Suggested Soybean Seeding Rates for Virginia

Don’t Widen Rows to Save Seed. I’ve heard talk of widening rows to save seed. It’s true that if you move back to 30 or 36” row spacing, you’ll not use as much seed. That’s because you can only crowd so many plants into a row and get a benefit. Basically, too many plants within the row are competing with each other. But, you’re losing the benefit of narrow rows, which is, once again to capture 90% or more of the sunlight by flowering and early pod development. Sure, it’s possible that in a good year on a good soil, you’ll be able to meet these requirements. But over time, it’s not likely. On the other hand, row spacing of 15 to 20 inches should provide adequate canopy if planted in May through mid-June. Keep in mind that the later you plant, the greater the benefit from narrow rows. Also, narrow rows benefit early-maturing varieties more than late maturing varieties. And, as I’ve alluded to earlier, there is less of an advantage to narrow rows on more productive soils. Therefore, some fields will likely respond more to narrow rows than others.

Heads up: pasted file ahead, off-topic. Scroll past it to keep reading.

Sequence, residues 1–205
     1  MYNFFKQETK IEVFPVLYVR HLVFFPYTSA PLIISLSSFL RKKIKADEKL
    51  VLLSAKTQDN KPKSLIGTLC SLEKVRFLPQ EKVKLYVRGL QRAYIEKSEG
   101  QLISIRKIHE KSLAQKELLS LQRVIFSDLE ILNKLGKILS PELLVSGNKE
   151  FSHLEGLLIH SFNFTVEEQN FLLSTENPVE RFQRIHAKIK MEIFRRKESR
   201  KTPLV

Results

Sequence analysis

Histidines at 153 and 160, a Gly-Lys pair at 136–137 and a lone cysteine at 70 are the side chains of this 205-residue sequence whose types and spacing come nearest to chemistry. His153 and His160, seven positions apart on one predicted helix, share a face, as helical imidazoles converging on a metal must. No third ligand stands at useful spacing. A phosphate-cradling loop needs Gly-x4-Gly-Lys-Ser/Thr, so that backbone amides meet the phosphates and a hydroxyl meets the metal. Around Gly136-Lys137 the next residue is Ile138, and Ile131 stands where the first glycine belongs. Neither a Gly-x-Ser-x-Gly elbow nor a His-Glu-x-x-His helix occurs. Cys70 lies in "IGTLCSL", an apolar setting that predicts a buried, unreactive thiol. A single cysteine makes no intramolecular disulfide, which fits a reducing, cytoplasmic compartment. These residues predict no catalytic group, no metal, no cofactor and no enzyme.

Here’s a good way to check and see if your row spacing is narrow enough for a particular field. This summer, when the soybean crop is in full bloom, walk your fields. As you’re walking, look into the canopy. Can you see any ground? If so, then you’re rows are not narrow enough. If you’re already planting in narrow rows, then consider raising your seeding rate. This will insure that you’re meeting the leaf area requirements.

Uniform Stands Matter. We generally think that soybeans will compensate for poor stands, wide rows, and/or gaps within rows. Soybean will compensate much more than other crops. However, I think that uniformity of stand within the row matters.  The more uniform the spacing between plants within a row, the greater the yield potential. This was shown with double-cropped soybean in research conducted in Virginia that compared a 15-inch planter with a standard drill and a drill that uniformly distributes the seed in the row (see figure below). I’ll refer to this drill as a “precision drill.” Details of the drills used are shown below.

Meteriing wheels for various seed types in the Great Plains 1510P or 1520P Precision Seeding System

Type, make and model, seed singulation method, and row spacing of seeding equipment used in this study.

Stand uniformity with the precision drill was equal to the vacuum-meter planter and better than the standard drill. Yield results are also shown below.  Soybean yield with the standard drill was equal to the vacuum-meter planter in three of four years and less than the vacuum-meter planter in one year. Soybean yields were greater when planted with the precision drill than when planted with the vacuum-meter planter in 2 of 3 years, and averaged 10% over three years of study.